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Staff Writer

Alison Pearce Stevens

Alison Pearce Stevens' Articles

  • Caught in the act

    Scientists observe some evolutionary speed demons as they adapt over the course of just a few years to new environmental conditions.
  • Some dirt won’t hurt

    Wash your hands!

    That familiar piece of advice helps prevent the spread of disease. Good old soap and water remove the bacteria, viruses and other germs that can make you sick. But is there any big advantage to soap laced with bacteria-killing chemicals? Should people sanitize computer keyboards, shopping cart handles and anything else that others have touched?

    Indeed, is it possible to be too clean?

    Actually, data show, it is. A growing number of studies suggest that routing too many germs might actually foster life-threatening allergies. If you find that hard to believe, it’s probably because you’ve been taught that germs are bad.

  • Explainer: What is a stem cell?

    Human stem cells viewed under a microscope. To better see them, their nuclei have been stained with a blue dye. Credit: iStockphoto

    Stem cells are cells that can specialize into many different types. They fall into two main categories: adult stem cells and pluripotent (PLU ree PO tint) stem cells. (Pluripotent means the ability to become many different things.)

  • Stem cells: The secret to change

    Inside your body, red blood cells are constantly on the move. They deliver oxygen to every tissue in every part of your body. These blood cells also cart away waste. So their work is crucial to your survival. But all that squeezing through tiny vessels is tough on red blood cells. That’s why they last only about four months.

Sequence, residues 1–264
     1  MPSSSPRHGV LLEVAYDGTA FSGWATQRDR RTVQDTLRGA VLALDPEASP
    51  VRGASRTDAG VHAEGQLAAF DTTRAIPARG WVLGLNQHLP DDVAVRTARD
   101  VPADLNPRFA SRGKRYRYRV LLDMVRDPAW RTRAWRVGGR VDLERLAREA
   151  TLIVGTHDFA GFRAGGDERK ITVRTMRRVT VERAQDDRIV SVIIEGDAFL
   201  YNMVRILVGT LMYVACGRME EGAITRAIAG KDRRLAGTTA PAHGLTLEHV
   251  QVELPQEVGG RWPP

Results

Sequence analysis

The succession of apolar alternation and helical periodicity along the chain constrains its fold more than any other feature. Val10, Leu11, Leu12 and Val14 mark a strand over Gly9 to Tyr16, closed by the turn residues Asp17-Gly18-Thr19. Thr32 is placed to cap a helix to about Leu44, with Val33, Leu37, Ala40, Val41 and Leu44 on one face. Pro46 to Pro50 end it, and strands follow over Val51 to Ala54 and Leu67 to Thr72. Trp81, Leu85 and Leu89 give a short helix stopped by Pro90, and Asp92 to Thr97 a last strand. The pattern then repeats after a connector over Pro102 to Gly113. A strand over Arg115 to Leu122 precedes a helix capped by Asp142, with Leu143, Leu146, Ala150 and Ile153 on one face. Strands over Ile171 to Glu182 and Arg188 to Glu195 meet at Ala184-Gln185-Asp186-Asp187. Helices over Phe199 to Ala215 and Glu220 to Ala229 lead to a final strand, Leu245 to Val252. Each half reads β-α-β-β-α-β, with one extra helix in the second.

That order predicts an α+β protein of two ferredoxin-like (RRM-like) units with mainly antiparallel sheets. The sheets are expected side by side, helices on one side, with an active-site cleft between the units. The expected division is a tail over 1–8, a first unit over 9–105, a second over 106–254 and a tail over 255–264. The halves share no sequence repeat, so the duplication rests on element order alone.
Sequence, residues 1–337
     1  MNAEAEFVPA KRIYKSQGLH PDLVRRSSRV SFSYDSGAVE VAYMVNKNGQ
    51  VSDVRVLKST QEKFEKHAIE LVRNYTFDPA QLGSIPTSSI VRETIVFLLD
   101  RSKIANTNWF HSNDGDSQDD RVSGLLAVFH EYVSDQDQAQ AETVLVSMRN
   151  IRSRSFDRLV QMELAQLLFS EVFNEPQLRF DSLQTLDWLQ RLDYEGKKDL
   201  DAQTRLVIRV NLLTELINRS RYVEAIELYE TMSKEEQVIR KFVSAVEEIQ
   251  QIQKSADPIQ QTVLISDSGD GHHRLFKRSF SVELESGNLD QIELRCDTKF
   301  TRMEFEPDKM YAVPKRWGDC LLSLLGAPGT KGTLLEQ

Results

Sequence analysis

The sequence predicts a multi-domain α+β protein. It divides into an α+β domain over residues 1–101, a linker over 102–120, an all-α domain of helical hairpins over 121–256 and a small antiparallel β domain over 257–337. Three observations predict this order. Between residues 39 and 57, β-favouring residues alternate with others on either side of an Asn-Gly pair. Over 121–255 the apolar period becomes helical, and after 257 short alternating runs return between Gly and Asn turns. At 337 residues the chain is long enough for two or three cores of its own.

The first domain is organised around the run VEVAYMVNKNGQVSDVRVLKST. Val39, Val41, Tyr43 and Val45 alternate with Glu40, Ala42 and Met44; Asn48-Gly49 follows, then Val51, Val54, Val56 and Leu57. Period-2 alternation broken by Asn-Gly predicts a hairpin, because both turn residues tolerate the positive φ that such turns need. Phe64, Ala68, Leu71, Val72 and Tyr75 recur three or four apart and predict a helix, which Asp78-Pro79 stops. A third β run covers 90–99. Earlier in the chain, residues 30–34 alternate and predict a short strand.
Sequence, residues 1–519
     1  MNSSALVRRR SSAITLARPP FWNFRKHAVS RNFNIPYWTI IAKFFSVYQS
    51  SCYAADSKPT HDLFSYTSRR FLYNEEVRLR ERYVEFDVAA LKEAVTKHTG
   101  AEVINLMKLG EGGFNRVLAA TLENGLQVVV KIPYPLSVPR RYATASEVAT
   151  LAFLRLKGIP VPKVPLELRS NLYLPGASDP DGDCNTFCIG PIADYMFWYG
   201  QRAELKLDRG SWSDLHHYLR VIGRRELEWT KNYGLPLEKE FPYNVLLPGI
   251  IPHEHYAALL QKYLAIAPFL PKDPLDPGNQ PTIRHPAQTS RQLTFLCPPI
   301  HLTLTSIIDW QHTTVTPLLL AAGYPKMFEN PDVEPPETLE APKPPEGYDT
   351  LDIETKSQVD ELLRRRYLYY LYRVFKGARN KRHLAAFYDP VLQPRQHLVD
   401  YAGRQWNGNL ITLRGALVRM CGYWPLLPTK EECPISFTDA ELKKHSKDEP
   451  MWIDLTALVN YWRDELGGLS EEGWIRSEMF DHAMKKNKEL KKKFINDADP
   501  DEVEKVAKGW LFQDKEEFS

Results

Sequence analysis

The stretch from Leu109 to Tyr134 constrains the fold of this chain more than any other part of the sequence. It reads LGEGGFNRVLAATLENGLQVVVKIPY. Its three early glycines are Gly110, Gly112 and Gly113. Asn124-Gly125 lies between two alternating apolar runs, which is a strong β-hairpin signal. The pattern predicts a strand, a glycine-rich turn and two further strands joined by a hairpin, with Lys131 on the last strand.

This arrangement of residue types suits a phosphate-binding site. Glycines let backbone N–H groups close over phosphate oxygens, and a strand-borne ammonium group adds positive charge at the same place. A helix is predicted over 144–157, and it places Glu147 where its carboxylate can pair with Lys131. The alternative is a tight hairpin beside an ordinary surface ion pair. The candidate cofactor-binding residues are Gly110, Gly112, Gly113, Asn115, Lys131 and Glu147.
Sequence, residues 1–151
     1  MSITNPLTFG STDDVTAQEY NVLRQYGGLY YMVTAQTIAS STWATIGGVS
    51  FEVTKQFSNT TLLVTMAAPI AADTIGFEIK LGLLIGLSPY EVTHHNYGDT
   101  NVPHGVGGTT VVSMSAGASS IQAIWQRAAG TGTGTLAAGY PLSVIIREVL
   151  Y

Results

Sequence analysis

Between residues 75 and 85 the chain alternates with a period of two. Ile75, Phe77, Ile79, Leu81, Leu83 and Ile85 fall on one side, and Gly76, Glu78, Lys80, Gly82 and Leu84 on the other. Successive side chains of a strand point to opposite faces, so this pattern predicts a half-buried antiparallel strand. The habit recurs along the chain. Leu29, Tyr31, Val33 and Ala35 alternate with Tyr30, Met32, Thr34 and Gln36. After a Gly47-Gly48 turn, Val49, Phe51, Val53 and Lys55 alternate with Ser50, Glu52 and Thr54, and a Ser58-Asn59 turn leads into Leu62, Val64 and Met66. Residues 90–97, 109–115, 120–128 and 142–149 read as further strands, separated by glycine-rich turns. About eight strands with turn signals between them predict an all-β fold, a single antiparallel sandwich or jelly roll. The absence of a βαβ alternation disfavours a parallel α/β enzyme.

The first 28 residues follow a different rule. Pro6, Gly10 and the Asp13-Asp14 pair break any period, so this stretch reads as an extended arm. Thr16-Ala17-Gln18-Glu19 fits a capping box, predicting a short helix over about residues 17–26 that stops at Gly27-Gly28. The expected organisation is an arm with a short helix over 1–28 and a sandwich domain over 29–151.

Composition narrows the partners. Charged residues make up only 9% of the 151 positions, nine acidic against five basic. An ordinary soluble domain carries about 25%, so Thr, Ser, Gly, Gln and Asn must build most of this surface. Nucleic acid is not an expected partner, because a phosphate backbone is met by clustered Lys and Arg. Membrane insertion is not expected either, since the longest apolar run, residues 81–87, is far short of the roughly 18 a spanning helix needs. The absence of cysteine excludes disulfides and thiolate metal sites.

Where do their replacements come from? Stem cells.

    These are a very special family of cells. When most other cells divide, the daughter cells look and act exactly like their parents. For example, a skin cell can’t make anything but another skin cell. The same is true for cells in the intestine or liver.

  • Pathways to research: Young scientists tackle abstract problems

    When Nilesh Tripuraneni set out to make pancakes one morning, he had no idea he’d also wind up with the makings of a first-rate science fair project. But as the high school student sprinkled water on a hot griddle to test its temperature, the dancing droplets got him thinking: What, exactly, was going on beneath them?

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